It later incorporated under New York law in The entire company originally operated at the Bush Terminal in Brooklynbut production facilities were moved to a plant in Duryea, Pennsylvaniain Corporate offices remained at 36th Street in Brooklyn, a location in the waterfront district by the Gowanus Expressway.
Inthe headquarters relocated to One Whitehall Street in lower Manhattan. The new ownership group again made Topps into a publicly traded company innow renamed to The Topps Company, Inc. In this incarnation, the company was incorporated in Delaware for legal reasons, but company headquarters remained in New York. Management was left in the hands of the Shorin family throughout all of these maneuverings. This division also co-ordinates products launches across the many other international markets including the Far East, Australia, and South Africa.
In Merlin acquired the Premier League license allowing the company to exclusively publish the only official Premier League sticker and album collection in the UK. The initial success of the Premier League stickers and album collection was so great that it took even Merlin by surprise, with reprint after reprint being produced. InThe Topps Company Inc. Topps Europe Limited continues to produce a wide and varied range of sports and entertainment collectables across Europe.
Its range of products now includes stickers, albums, cards and binders, magazines, stationery, and temporary tattoos. Topps Europe Ltd has continued to launch hugely successful products across Europe. Premier League stickers and albums are now in their 18th year. Match Attaxthe official Premier League trading card game, is the biggest selling boys collectable in the UK two years running.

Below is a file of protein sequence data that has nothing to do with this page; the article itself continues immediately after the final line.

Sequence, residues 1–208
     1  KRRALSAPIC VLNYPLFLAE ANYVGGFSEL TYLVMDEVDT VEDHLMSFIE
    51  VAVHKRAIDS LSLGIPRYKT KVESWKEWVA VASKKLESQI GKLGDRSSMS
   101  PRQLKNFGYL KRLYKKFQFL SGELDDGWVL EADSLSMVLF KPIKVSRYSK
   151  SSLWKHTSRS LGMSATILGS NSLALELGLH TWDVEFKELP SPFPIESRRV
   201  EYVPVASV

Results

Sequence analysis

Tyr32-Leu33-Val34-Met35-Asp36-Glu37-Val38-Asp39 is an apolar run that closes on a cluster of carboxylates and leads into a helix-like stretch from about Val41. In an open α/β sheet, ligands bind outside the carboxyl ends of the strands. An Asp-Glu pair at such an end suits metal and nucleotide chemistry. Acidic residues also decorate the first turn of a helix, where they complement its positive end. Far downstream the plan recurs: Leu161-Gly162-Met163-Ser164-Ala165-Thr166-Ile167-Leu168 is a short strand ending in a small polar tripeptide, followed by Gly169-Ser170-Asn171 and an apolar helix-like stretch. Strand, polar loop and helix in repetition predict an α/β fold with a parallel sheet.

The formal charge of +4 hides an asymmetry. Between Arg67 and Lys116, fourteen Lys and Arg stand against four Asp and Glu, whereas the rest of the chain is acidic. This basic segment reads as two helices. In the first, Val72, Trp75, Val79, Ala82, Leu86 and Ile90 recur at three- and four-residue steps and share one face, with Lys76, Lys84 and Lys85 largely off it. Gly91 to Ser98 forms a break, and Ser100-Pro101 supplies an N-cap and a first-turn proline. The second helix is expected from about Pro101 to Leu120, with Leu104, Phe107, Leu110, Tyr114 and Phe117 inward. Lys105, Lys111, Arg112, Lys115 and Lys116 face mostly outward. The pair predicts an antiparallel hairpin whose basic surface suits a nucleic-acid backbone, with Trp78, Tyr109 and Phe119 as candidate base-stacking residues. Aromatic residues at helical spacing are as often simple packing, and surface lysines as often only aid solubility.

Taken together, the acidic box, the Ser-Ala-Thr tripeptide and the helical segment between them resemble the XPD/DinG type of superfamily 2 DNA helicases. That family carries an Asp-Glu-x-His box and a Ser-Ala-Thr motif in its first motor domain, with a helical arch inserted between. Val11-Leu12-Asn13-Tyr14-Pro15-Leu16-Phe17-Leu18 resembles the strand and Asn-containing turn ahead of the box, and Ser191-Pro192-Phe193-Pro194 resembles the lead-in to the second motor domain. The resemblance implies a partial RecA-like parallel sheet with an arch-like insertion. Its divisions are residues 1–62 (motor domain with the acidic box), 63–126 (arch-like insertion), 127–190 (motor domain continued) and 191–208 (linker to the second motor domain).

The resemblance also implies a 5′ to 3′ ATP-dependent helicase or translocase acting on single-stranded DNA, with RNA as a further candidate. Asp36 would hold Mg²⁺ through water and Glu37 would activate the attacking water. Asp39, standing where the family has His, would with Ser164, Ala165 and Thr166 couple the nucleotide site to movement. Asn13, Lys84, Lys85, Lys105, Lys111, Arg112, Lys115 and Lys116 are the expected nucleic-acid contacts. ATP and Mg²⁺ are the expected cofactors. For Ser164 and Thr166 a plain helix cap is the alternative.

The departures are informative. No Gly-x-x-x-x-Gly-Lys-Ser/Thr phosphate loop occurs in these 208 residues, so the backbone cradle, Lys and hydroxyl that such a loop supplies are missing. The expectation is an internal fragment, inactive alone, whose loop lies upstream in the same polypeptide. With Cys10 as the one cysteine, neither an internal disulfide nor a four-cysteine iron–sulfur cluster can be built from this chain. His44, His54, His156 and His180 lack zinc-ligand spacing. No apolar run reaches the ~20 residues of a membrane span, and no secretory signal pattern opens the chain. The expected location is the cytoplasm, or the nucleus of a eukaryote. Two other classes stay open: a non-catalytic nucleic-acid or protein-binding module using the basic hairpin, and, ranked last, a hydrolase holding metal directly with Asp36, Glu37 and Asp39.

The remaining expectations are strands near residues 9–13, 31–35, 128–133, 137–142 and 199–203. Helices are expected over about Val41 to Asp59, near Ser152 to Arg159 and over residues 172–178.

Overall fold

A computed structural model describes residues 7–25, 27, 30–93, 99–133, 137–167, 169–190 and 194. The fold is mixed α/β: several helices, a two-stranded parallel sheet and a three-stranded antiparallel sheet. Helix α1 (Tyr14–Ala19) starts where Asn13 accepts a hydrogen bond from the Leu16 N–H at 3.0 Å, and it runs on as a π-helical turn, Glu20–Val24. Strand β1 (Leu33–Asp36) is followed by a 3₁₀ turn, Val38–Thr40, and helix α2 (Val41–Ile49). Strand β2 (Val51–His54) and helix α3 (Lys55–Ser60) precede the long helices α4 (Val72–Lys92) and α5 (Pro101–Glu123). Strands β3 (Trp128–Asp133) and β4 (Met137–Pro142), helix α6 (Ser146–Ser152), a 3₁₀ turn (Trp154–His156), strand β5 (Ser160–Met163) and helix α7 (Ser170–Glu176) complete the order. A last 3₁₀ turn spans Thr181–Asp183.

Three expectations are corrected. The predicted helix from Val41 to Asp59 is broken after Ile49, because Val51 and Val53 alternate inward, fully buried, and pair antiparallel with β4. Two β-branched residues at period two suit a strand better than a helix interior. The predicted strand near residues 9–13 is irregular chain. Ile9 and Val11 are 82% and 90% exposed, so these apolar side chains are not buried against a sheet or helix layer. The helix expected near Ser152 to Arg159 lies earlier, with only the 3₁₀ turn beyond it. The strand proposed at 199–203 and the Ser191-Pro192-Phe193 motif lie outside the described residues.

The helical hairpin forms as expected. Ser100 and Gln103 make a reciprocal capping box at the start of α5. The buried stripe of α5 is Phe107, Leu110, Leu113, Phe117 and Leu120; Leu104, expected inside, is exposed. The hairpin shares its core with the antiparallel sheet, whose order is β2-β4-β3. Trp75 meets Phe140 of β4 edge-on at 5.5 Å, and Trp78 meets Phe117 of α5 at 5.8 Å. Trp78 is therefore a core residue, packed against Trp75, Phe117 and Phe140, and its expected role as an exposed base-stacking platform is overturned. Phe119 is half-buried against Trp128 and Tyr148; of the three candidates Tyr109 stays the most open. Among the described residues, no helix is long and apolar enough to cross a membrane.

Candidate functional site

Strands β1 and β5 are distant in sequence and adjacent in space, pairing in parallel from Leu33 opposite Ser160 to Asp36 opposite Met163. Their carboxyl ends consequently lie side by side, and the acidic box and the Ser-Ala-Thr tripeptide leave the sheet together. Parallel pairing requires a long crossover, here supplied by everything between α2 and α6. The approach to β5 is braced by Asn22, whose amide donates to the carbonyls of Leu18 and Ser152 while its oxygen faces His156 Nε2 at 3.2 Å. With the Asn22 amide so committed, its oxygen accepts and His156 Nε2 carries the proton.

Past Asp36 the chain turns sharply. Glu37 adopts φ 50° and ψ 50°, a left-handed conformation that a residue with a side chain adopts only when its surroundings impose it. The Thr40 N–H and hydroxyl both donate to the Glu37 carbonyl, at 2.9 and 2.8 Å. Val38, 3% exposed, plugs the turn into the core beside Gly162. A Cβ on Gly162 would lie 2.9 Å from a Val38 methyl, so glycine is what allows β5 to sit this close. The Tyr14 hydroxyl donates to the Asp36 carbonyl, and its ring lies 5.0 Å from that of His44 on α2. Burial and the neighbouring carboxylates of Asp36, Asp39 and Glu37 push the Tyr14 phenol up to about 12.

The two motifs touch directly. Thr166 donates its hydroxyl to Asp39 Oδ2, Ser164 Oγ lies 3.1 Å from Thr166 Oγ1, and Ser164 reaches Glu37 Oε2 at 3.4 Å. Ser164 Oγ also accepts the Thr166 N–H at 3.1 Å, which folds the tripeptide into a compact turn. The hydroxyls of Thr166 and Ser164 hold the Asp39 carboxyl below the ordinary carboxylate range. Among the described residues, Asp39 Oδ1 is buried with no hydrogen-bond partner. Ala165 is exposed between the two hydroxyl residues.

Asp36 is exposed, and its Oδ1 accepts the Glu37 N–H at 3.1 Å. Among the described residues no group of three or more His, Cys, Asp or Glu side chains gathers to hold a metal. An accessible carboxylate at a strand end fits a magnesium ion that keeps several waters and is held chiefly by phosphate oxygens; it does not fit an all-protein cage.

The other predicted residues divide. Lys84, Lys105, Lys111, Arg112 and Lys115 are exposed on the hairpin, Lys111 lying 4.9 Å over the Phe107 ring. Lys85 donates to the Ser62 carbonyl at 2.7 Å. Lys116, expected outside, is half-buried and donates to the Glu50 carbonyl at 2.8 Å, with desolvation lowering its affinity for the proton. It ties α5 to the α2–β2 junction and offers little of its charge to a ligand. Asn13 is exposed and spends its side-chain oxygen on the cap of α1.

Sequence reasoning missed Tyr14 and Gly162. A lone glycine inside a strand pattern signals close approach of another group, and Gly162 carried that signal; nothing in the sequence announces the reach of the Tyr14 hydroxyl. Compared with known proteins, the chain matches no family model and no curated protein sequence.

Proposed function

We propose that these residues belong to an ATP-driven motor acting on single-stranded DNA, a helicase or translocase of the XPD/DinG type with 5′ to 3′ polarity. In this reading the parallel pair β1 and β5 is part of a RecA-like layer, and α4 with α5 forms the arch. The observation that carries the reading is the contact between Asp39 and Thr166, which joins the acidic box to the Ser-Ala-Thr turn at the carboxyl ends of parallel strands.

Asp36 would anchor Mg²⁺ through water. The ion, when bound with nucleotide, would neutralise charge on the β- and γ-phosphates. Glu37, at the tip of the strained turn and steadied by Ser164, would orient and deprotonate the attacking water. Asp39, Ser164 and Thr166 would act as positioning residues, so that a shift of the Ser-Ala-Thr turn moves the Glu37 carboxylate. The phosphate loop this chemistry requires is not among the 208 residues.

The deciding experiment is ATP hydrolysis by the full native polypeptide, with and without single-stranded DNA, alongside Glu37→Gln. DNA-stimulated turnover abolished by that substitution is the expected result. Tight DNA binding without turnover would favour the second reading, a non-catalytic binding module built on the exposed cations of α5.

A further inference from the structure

Being sold across the globe in a number of countries, the collection also holds the title of the biggest selling sports collectable in the world. It is estimated that around 1. Bundesliga Match Attax was launched in January and is now available in over 40, stockists. The collection is the first of its kind in Germany and has become one of the biggest selling collections in the country.
As of February Topps Match Attax dominated the secondary UK card trading market occupying two out of the top three spots on the www. InTopps produced its first baseball cards in two different sets known today as Red Backs and Blue Backs. Each set contained 52 cards, like a deck of playing cardsand in fact the cards could be used to play a game that would simulate the events of a baseball game. Also like playing cards, the cards had rounded corners and were blank on one side, which was colored either red or blue hence the names given to these sets.